California is currently leading the way in the charge against non-compete clauses. While many employers in the state may try to include non-compete agreements in the hiring process, they are currently unenforceable under California state law. Businesses that attempt to require the signature of a non-compete clause as part of the terms of employment are also subject to fines of $100 per employee per pay period. This law also applies to out-of-state businesses that hire California residents.
As California goes, so does the rest of the country. Twelve states, including Colorado, Washington, Maine, and Oregon, currently require employees to meet a certain minimum salary threshold before they can be subject to non-compete clauses. Four additional states (Minnesota, Missouri, New Jersey, and Texas) also have proposed laws to implement minimum income requirements on non-competes. Then there’s the Federal Trade Commission, which is proposing a national ban on non-competes, regardless of income.
While there is some resistance to a non-compete ban, trends are pointing in the direction of, at the very least, implementing severe restrictions on their use — so it’s best to start taking steps to remove them from your hiring process now.
How to wean your business off of non-compete clauses
So you want to eliminate non-competes but still want to prevent your best stylists from leaving — now what? Here are a few tips to help your self-care business get to the point where it doesn’t need non-competes in the first place:
Be proactive: Whether federal and state governments do away with non-compete clauses, it’s good to consider nullifying them for your current staff. Consult a lawyer before making any changes to your hiring documentation, but starting the transition now will give you a headstart if and when legislative changes arrive.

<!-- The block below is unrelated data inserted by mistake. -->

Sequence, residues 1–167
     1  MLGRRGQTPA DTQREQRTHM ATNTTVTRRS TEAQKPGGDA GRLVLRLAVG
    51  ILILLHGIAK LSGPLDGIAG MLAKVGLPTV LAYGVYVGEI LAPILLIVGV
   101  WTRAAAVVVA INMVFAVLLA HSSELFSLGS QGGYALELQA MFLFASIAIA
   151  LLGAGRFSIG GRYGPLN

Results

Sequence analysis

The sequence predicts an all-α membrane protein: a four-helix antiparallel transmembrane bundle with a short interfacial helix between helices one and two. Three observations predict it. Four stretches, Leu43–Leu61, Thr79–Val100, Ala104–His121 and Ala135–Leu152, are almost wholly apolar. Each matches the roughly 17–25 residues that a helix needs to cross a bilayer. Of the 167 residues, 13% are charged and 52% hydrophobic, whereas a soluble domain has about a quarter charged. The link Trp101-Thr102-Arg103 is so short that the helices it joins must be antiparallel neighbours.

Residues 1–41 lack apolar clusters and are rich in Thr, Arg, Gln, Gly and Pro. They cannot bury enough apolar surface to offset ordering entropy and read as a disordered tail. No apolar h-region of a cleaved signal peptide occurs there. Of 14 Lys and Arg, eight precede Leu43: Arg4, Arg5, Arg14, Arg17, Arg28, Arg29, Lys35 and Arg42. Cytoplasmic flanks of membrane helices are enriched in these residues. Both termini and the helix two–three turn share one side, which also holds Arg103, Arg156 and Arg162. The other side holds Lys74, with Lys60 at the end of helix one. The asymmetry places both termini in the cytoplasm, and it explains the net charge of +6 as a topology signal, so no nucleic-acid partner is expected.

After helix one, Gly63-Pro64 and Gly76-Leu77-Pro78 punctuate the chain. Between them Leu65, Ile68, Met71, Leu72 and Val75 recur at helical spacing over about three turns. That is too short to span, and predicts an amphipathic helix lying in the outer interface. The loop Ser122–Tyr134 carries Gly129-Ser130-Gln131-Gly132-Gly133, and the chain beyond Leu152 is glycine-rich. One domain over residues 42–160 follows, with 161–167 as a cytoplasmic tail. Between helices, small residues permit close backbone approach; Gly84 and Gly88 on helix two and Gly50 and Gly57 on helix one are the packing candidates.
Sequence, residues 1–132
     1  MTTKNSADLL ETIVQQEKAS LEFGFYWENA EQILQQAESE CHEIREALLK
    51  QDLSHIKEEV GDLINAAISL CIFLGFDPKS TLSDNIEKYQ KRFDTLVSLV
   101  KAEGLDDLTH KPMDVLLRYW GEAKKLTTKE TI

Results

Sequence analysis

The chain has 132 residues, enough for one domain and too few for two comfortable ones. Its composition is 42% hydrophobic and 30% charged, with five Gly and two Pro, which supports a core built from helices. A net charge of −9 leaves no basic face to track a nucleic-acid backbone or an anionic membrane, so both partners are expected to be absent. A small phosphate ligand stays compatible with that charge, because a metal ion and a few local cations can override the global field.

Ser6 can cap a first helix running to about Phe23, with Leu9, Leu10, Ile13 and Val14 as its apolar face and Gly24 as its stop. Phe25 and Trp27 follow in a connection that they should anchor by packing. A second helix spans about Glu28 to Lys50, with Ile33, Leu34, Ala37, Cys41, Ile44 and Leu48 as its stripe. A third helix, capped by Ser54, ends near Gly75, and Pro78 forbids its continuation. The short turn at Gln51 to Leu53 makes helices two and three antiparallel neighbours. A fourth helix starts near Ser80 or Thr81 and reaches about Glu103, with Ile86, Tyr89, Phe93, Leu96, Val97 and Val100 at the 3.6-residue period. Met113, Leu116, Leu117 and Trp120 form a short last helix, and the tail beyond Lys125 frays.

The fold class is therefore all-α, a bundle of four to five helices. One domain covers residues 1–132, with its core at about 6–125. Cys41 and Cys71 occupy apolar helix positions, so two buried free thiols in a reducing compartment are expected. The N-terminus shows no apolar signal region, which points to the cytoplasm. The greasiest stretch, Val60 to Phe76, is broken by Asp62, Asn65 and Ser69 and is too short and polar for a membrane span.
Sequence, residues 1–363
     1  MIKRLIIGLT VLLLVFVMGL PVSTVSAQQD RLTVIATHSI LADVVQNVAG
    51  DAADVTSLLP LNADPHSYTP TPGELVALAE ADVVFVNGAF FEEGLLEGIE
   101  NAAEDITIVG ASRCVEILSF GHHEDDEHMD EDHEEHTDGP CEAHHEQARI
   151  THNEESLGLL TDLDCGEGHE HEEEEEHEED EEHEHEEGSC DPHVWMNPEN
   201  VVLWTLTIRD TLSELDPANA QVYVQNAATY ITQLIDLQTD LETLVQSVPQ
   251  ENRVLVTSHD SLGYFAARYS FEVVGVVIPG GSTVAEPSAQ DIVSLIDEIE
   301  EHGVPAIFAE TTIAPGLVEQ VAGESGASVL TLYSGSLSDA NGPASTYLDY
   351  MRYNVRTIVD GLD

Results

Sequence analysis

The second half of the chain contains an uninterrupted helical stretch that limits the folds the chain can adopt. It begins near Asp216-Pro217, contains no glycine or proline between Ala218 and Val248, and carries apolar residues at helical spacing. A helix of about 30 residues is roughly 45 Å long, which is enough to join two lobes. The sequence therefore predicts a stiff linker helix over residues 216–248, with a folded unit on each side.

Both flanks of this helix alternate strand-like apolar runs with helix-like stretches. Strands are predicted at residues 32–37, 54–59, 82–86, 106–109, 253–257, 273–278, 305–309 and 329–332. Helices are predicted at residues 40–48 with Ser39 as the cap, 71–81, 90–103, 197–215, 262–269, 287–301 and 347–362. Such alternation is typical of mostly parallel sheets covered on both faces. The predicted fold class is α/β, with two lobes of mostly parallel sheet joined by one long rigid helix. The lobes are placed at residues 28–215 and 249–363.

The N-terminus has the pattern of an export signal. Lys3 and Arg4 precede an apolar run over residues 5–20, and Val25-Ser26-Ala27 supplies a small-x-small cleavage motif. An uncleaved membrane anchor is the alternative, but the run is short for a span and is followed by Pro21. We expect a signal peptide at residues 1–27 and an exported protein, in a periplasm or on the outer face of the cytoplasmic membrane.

Consider alternatives: If you’re genuinely concerned about losing out on clients or trade secrets, consider implementing non-solicitation and non-disclosure agreements instead. These clauses give employees the freedom to find employment elsewhere while still offering some protection against poached clients or the loss of intellectual property. Also, consider adding pro-employee exemptions to these agreements, such as allowing stylists to retain clients they might have brought when they were first hired. The goal is to create a mutual agreement where the business and employee can meet each other halfway, not build unnecessary friction into the hiring process.
Provide career development: Employees leave their jobs for many reasons, and according to the U.S. Chamber of Commerce, a lack of opportunity for advancement is near the top of the list. Providing training and skill development sessions, career development, and opportunities for promotion within the organization will foster a culture of learning and growth and further compel employees to stick with you for the long haul.
Open lines of communication: You won’t know what your employees need unless you talk to them and find out for yourself. Schedule all-hands meetings and regular one-on-ones to learn more about what motivates your team, discover the pain points that cause friction during the day, and take on feedback to improve your workplace.
By fostering an open workplace culture and enabling personal growth, you’ll create a solid foundation for a self-care business that retains its brightest employees without the need for restrictive contracts.